Delhi’s surge The emergence of Culex comes at a time when public health officials are declaring notable victories over other species of mosquitoes, including the malaria-transmitting genus Anopheles. While the results have saved lives, mosquito experts say the picture is complicated: Changes that reduce the number of Anopheles mosquitoes may be allowing other species to thrive. Amid climate change, mosquitoes have found new niches, especially in urban areas.
The global footprint of malaria has decreased over the past few decades, in part due to interventions such as bed nets and insecticides used to target Anopheles mosquitoes. In India, such interventions are implemented with the help of a government agency called the National Center for Vector-Borne Disease Control. The program’s efforts have helped significantly reduce malaria deaths in recent years.
Vas Dev, a retired government official who has worked at ICMR in northeastern India for nearly 30 years, said deforestation could lead to a decline in malaria rates in India, but it has come at a cost. Increased urbanization has created more habitat for mosquitoes that prefer urban and suburban landscapes, including Culex and Aedes, a mosquito that transmits dengue, Zika and chikungunya. Since 1970, dengue fever has spread rapidly in poor countries, killing thousands of people every year, mostly children.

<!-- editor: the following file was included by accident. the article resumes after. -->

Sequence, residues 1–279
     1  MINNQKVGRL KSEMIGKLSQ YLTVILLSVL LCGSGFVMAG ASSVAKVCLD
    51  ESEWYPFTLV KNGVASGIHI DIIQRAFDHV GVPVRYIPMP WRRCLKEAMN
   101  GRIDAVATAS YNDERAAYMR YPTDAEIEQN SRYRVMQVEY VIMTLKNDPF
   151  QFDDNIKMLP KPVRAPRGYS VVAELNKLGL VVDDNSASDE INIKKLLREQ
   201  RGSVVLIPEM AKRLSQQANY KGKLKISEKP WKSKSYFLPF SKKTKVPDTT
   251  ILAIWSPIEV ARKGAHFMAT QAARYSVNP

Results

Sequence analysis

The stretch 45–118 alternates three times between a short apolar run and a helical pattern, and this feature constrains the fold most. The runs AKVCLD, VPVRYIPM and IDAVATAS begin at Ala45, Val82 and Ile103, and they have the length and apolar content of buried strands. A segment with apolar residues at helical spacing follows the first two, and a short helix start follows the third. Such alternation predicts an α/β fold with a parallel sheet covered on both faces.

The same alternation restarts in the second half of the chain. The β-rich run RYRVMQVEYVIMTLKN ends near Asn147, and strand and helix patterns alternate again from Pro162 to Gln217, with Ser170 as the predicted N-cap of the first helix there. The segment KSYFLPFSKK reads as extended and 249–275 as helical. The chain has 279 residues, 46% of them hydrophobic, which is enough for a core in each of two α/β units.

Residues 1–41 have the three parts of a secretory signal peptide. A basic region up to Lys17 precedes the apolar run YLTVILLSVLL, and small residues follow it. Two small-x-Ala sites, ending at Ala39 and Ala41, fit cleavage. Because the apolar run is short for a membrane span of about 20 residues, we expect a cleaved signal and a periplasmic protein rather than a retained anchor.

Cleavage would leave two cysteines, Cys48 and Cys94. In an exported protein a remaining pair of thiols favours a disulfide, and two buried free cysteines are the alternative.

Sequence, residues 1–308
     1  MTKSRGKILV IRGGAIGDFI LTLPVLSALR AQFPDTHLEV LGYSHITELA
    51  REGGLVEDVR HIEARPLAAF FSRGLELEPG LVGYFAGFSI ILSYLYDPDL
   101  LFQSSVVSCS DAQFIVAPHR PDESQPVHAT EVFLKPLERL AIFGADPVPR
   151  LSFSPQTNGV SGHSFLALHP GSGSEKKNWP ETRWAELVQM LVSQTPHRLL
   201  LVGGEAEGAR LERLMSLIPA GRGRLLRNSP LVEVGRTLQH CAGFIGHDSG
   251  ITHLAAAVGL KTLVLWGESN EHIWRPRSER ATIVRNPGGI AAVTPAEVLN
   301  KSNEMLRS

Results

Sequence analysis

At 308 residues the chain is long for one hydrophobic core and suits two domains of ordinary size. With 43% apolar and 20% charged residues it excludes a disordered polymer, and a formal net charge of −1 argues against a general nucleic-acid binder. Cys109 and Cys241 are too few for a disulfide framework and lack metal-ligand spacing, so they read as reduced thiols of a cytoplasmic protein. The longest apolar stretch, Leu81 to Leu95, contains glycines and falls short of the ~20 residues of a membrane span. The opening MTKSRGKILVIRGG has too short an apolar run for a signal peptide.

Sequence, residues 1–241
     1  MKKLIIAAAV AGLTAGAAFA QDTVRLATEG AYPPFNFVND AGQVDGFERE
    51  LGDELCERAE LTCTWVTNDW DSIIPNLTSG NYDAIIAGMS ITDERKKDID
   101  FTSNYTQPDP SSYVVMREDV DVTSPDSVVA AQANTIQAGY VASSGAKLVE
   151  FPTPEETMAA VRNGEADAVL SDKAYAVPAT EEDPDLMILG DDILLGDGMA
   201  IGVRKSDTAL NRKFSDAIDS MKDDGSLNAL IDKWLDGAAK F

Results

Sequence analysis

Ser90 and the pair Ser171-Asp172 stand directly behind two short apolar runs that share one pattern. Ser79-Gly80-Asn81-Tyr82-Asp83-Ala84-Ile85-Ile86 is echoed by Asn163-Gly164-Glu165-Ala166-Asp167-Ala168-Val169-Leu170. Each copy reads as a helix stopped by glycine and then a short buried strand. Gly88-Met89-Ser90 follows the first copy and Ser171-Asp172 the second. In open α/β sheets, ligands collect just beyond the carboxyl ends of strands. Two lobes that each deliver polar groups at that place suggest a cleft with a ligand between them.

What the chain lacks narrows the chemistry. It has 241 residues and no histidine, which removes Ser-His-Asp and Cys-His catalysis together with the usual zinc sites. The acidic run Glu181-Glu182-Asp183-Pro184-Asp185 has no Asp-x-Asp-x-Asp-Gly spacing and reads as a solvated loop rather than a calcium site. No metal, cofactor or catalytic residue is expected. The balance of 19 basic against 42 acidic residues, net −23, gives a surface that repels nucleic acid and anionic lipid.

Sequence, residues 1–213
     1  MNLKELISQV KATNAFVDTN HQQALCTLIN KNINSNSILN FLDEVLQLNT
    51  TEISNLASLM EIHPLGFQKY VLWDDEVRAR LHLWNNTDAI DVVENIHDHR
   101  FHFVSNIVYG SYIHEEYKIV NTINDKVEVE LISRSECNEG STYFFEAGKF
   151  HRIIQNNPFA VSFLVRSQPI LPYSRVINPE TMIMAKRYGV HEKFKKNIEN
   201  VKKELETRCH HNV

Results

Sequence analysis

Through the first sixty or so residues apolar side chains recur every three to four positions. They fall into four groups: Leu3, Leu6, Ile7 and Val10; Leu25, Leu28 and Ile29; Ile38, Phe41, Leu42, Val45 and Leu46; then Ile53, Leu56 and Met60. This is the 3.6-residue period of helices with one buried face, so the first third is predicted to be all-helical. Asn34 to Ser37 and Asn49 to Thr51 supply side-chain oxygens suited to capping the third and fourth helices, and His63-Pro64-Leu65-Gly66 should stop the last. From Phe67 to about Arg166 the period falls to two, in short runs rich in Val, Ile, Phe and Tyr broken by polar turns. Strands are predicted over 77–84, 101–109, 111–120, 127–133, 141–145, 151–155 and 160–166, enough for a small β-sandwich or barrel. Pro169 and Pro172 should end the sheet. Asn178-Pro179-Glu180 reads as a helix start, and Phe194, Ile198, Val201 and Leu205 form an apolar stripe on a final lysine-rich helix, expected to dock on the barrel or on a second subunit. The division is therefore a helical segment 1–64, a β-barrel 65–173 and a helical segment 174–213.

Scientists are working to better understand how changing landscapes and climates will affect future mosquito populations. In Delhi, climate change has extended the breeding season, bringing higher temperatures to months that were previously too cold to breed. Untimely rainfall also contributes to mosquito populations by increasing humidity levels and promoting stagnant water in the environment. As a result, Dhiman said, areas that might once have experienced a one-month mosquito season are now experiencing a six- to eight-month-long season.
These insects are known to adapt quickly to changes in their local environment. Anopheles provides an interesting example, says Karthikeyan Chandrasegaran, a Virginia Tech postdoctoral researcher with expertise in evolutionary ecology and mosquito biology. The malaria-transmitting insect is known to bite between dusk and dawn, so public health organizations working in sub-Saharan Africa have invested in mosquito nets for local residents. Initially, these interventions proved effective, but in less than a decade, cases exploded. It turns out that mosquitoes feed in the early morning — after people get up. Mosquitoes can also develop resistance to commonly used insecticides.
Chandrasegaran said city dwellers are likely to bear the brunt of any problems. Poor waste management, lack of sanitation and irrigation all create opportunities for insects to thrive. Some cities, such as Delhi, are also battling water scarcity, a situation that has led residents to hoard scarce supplies in buckets that could become breeding grounds. These conditions are less severe in rural areas, where there are also more mosquito predators, including certain fish and frogs.
But rural areas also face challenges, including limited healthcare infrastructure and poor awareness of vector-borne diseases. “So you might have to tailor different solutions for urban areas and different solutions for suburban, rural, forested areas,” Chandrasegaran said. “If you don’t pinpoint the pain points, you’re going to spend a lot of time, energy and money trying to implement a program across the country, and it’s a lot of waste.”